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Man Takes Grandmother Traveling Across Country After She Says She's Never Seen Ocean

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When a parent gets promoted to being a grandparent, it’s one of the best things in life. In many families, new grandparents have put in the years to raise their own kids, and now they get to experience all the joy of babies without all the work.

Distance and familial strain can cause hiccups in this pattern, but even the best, closest, most loving grandchildren grow up and move away — often during their grandparents’ freest (and sometimes loneliest) years.

By the time many adult grandchildren realize this, it’s too late. But a young man named Brad Ryan recognized this and decided to make the most of the time he had left with his grandma. His story has taken off in a big way, and he’s encouraging others to follow suit.

It all started with one sentence from his grandma: “I haven’t seen the ocean, or the mountains.”

Joy, who was 85 at the time and lived in the same town where Brad grew up, had gone hiking with Brad a few time in local areas, but he decided to change that.

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“My Grandma Joy was 85-years-old when I took her on a road trip to her first US national park,” he told Acadia National Park. “She told me she had never seen a mountain or the ocean, so I committed to a mission to show her the very best of America.

“In the past 3.5 years, we have driven 25,000 miles through 38 states. Most recently we traveled to Acadia National Park, the 29th US National Park on #GrandmaJoysRoadTrip.

Grandma Joy is 89 now, but she intends to stick around long enough to check all 61 US National Parks off her list.”

Brad has started a Facebook page called “Grandma Joy’s Road Trip” where he documents their travels. The traveling duo have gained over 1,500 followers so far, and people seem to love watching these heartwarming trips.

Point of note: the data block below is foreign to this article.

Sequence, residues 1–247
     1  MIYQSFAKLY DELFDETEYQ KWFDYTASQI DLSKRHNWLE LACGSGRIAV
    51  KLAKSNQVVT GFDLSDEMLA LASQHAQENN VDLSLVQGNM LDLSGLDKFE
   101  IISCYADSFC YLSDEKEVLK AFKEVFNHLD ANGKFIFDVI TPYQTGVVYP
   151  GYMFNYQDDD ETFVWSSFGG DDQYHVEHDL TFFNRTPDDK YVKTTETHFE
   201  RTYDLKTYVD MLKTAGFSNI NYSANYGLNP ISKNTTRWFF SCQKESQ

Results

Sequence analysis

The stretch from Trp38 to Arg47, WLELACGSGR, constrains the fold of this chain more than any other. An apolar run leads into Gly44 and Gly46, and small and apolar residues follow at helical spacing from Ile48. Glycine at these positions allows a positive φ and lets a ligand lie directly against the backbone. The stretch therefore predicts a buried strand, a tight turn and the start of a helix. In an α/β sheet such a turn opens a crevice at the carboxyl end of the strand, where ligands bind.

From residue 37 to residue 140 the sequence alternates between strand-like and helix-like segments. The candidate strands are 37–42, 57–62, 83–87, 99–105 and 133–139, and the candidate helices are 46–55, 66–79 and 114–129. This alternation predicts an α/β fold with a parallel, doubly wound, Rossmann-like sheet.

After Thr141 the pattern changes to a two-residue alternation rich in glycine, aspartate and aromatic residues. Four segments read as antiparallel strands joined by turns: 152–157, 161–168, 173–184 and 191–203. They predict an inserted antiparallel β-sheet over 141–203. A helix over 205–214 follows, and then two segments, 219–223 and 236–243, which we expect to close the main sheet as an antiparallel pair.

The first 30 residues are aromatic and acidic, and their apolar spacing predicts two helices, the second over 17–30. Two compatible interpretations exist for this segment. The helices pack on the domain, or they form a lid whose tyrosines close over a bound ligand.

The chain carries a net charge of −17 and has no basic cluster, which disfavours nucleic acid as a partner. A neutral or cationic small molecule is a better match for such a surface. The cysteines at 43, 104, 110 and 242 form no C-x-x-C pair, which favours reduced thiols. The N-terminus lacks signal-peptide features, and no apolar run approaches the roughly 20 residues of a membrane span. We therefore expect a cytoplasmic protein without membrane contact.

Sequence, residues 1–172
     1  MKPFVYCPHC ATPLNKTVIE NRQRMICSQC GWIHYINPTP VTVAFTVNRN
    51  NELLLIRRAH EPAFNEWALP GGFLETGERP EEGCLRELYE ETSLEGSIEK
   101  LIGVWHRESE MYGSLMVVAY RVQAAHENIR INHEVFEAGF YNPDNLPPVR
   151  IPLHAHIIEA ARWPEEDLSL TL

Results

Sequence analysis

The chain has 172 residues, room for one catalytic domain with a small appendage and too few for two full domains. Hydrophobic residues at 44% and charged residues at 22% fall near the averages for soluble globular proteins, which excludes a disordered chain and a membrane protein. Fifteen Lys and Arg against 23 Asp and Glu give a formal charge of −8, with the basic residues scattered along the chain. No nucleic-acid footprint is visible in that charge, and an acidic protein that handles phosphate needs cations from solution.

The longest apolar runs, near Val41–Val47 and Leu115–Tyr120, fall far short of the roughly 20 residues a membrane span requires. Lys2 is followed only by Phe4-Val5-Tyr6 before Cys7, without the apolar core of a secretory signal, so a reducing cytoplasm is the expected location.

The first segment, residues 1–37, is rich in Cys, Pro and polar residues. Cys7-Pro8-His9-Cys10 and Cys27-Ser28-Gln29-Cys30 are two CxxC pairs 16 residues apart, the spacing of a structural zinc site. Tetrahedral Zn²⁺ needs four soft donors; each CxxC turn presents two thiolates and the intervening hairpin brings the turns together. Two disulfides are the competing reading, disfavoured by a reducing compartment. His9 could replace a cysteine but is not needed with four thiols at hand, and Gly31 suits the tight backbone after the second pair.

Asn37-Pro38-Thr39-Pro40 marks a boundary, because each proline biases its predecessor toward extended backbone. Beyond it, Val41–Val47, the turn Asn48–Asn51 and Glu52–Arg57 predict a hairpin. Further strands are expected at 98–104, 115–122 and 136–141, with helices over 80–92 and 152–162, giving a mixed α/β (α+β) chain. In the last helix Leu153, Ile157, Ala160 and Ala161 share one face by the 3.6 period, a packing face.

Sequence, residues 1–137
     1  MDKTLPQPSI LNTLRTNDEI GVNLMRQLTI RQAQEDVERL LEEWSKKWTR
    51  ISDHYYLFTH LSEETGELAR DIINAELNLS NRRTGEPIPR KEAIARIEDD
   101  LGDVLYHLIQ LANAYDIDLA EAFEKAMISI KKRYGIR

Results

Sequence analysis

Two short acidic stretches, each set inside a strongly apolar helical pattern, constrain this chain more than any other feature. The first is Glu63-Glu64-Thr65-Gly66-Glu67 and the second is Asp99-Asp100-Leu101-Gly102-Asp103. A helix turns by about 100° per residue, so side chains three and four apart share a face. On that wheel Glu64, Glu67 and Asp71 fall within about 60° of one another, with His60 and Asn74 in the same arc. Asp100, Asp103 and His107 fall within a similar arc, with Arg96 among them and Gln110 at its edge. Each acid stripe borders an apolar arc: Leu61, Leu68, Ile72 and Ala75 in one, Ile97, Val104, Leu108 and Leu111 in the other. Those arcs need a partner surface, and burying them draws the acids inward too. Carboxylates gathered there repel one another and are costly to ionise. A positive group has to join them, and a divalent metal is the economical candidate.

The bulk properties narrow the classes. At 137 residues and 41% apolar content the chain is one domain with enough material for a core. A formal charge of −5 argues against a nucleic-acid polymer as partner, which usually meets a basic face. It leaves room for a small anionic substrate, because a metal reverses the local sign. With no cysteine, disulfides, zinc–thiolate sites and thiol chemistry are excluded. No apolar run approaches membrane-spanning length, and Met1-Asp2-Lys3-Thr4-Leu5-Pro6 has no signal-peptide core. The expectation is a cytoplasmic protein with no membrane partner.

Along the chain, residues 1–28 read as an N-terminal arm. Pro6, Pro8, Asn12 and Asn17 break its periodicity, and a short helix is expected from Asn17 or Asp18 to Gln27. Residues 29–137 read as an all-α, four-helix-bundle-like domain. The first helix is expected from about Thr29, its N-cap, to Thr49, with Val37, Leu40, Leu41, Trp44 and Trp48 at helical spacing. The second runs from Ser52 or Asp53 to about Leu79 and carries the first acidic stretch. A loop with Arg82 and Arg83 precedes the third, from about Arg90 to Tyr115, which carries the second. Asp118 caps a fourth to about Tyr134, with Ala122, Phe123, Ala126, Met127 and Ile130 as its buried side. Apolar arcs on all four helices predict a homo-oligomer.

“#GrandmaJoysRoadTrip began in the fall of 2015 with an impromptu weekend getaway to Great Smoky Mountains National Park,” Brad wrote. “Grandma Joy climbed to the top of the lookout tower at Clingman’s Dome, the highest point in the Smokies!”

“When we hiked Smoky, I realized what we were doing had an effect on people, because this is not a very common occurrence, for grandchildren and grandparents to do this,” Brad told KATU.

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“And the idea of being forgotten, left alone in your life without any adventure, it felt unethical to me. I hadn’t heard the story of her life, and it gave us a chance to share those stories.”

Since that first fateful trip in 2015, Grandma Joy has visited 29 National Parks and even rolled down sand dunes. She’s been able to look across crystal-clear lakes reflecting the mountains around them and seen the impressive chasm that is the Grand Canyon.

While Brad has been busy showing his grandma the natural wonders of the United States, she’s taught him plenty about having a cheerful attitude despite life’s trials.

“Seeing it through my grandmother’s eyes, who every morning wakes up and is thankful to be alive, has taught me how to live,” Brad continued. “With her, I’ve had to slow down and see it in a different way, which has made it a lot more rich.

“I love my grandma so much, and it’s just really giving me a lot of peace that when she eventually does pass on, I can go back to these places and feel her spirit, feel connected to her, that she set her eyes on these same things.”

This is how life is supposed to be: spent with family, loving and respecting one another and learning from one another.

“I want people who are younger to know, you aren’t too cool to hang out with your grandparents,” Brad said in a challenge to his peers. “I think we’ve lost that as a society. There’s so much perspective and knowledge we stand to gain from our elders.”

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Amanda holds an MA in Rhetoric and TESOL from Cal Poly Pomona. After teaching composition and logic for several years, she's strayed into writing full-time and especially enjoys animal-related topics.
As of January 2019, Amanda has written over 1,000 stories for The Western Journal but doesn't really know how. Graduating from California State Polytechnic University with a MA in Rhetoric/Composition and TESOL, she wrote her thesis about metacognitive development and the skill transfer between reading and writing in freshman students.
She has a slew of interests that keep her busy, including trying out new recipes, enjoying nature, discussing ridiculous topics, reading, drawing, people watching, developing curriculum, and writing bios. Sometimes she has red hair, sometimes she has brown hair, sometimes she's had teal hair.
With a book on productive communication strategies in the works, Amanda is also writing and illustrating some children's books with her husband, Edward.
Austin, Texas
Languages Spoken
English und ein bißchen Deutsch
Topics of Expertise
Faith, Animals, Cooking